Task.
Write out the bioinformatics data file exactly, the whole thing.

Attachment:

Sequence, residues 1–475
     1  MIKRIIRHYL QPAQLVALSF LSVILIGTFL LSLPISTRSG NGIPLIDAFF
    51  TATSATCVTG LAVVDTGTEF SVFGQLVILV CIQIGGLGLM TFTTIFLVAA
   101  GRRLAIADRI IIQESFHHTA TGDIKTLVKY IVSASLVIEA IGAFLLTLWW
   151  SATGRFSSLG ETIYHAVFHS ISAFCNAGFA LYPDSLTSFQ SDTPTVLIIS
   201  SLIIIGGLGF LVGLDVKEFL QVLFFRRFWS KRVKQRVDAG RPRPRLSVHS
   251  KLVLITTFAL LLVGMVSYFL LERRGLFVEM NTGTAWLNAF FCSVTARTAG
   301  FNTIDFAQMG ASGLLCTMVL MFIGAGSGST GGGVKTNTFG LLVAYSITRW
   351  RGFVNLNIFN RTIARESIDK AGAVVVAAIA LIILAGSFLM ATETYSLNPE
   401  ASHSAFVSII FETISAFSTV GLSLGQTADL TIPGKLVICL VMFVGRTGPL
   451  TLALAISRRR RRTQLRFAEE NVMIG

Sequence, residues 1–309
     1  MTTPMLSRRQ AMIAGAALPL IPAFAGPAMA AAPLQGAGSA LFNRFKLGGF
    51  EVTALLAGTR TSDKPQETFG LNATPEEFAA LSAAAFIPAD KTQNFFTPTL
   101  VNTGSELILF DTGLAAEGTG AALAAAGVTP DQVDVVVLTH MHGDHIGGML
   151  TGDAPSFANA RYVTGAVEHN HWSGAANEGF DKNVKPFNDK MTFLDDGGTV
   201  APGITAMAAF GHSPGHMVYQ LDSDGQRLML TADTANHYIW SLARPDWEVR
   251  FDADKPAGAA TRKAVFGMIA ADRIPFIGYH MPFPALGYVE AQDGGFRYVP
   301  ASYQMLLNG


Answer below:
Sequence, residues 1–475
     1  MIKRIIRHYL QPAQLVALSF LSVILIGTFL LSLPISTRSG NGIPLIDAFF
    51  TATSATCVTG LAVVDTGTEF SVFGQLVILV CIQIGGLGLM TFTTIFLVAA
   101  GRRLAIADRI IIQESFHHTA TGDIKTLVKY IVSASLVIEA IGAFLLTLWW
   151  SATGRFSSLG ETIYHAVFHS ISAFCNAGFA LYPDSLTSFQ SDTPTVLIIS
   201  SLIIIGGLGF LVGLDVKEFL QVLFFRRFWS KRVKQRVDAG RPRPRLSVHS
   251  KLVLITTFAL LLVGMVSYFL LERRGLFVEM NTGTAWLNAF FCSVTARTAG
   301  FNTIDFAQMG ASGLLCTMVL MFIGAGSGST GGGVKTNTFG LLVAYSITRW
   351  RGFVNLNIFN RTIARESIDK AGAVVVAAIA LIILAGSFLM ATETYSLNPE
   401  ASHSAFVSII FETISAFSTV GLSLGQTADL TIPGKLVICL VMFVGRTGPL
   451  TLALAISRRR RRTQLRFAEE NVMIG

Sequence, residues 1–309
     1  MTTPMLSRRQ AMIAGAALPL IPAFAGPAMA AAPLQGAGSA LFNRFKLGGF
    51  EVTALLAGTR TSDKPQETFG LNATPEEFAA LSAAAFIPAD KTQNFFTPTL
   101  VNTGSELILF DTGLAAEGTG AALAAAGVTP DQVDVVVLTH MHGDHIGGML
   151  TGDAPSFANA RYVTGAVEHN HWSGAANEGF DKNVKPFNDK MTFLDDGGTV
   201  APGITAMAAF GHSPGHMVYQ LDSDGQRLML TADTANHYIW SLARPDWEVR
   251  FDADKPAGAA TRKAVFGMIA ADRIPFIGYH MPFPALGYVE AQDGGFRYVP
   301  ASYQMLLNG